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Tuesday, May 17, 2022

Police criticised over raid on Glasgow squat housing Cop26 activists

Police criticised over raid on Glasgow squat housing Cop26 activists

Officers accused of trying to break into Baile Hoose with battering ram and entering rooms with batons drawn

The occupants of a disused building in Glasgow that was reopened to offer emergency accommodation for climate activists have accused police of trying to break into the site with a battering ram early on Monday morning.

The activists at Baile Hoose, a former homeless shelter in the Tradeston district, said up to 20 officers from the Metropolitan police and Welsh forces mounted the raid at 3am, claiming to be acting under orders from Scottish police.

The activists said Police Scotland officers arrived soon afterwards and “calmed the situation. [It] was only then that the Met and Welsh police backed off.”

One witness to the raid said at least one of the liaison officers from Police Scotland appeared to be shocked at their colleagues’ conduct, and also said that an officer described it as “totally unacceptable” policing. Another activist said police had their batons drawn as they entered rooms, to the distress of many occupants.

A spokesperson for Police Scotland confirmed that officers went to the building. However, Police Scotland deny that the operation was a raid or an attempt to force entry, or that a battering ram was used.

“Around 3am on Monday 8 November, officers attended at a property on Centre Street, Glasgow, following concerns for the safety and security of those using the building. Officers will continue to engage with those currently in the property,” the spokesperson said.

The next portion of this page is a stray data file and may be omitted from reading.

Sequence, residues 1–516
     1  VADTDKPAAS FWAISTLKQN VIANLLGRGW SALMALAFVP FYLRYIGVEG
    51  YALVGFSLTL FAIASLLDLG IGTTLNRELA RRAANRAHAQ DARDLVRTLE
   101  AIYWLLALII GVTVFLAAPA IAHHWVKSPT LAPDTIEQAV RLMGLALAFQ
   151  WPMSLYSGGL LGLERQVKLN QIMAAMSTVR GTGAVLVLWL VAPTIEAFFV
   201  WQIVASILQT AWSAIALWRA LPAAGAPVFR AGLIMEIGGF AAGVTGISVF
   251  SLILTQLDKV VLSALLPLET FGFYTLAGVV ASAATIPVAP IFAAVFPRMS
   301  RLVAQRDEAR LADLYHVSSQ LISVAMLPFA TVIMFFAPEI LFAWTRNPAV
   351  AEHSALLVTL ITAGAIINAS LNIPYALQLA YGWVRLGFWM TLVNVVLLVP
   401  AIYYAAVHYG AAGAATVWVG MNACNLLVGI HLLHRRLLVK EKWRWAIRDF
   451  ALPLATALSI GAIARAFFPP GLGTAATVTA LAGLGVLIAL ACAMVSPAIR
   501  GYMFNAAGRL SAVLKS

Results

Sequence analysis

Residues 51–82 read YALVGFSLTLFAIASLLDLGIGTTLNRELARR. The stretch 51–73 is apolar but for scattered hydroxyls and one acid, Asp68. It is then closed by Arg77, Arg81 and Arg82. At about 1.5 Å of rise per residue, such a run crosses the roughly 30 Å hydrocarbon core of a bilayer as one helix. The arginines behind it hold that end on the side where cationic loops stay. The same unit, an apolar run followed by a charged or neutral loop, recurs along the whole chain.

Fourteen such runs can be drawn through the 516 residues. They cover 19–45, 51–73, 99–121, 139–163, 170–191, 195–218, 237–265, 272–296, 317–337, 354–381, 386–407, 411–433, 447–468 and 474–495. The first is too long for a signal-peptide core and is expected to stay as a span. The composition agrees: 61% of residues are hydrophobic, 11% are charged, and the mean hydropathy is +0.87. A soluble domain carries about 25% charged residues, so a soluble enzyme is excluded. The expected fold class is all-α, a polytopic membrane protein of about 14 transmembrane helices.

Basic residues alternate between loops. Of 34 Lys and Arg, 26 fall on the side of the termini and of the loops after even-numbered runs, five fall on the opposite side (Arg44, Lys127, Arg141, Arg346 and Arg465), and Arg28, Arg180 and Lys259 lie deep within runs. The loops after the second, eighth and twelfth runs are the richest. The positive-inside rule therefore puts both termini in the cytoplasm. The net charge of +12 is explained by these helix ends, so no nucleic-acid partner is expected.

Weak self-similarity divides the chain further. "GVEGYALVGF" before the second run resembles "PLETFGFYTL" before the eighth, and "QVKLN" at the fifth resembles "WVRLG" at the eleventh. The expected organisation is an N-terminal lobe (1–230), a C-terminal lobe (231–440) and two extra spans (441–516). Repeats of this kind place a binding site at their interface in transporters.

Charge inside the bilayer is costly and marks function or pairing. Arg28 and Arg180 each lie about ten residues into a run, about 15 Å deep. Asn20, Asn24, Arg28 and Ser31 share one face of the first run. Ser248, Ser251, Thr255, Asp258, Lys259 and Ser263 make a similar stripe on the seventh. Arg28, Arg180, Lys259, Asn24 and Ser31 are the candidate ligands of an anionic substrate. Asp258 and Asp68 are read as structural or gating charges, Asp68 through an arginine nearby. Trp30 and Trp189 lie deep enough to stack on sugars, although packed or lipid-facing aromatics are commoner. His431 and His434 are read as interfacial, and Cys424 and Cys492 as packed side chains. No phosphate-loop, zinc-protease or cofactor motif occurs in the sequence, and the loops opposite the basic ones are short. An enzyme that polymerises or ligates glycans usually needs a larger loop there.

A Baile Hoose spokesperson disputed that explanation. She said they had been occupying the building since 3 November and that the Scottish fire and rescue service had already inspected it, giving them advice about fire safety and battery-operated fire alarms, which were now installed.

The activists squatted in the building after it emerged that hundreds of Cop26 delegates, including indigenous leaders, were unable to find accommodation for the summit. There were unconfirmed reports of some indigenous activists sleeping rough.

“Baile Hoose has provided a safe home and meals for hundreds of activists during this summit,” a spokesperson said. “There have been a lot of people who have travelled here from all over the world and the country, and quite often people from marginalised communities are not getting their voices heard.”

Glasgow city council, which owns the building, said it had asked the activists to leave last week because it was concerned about the safety of its water supply and the possibility that the building could contain asbestos.


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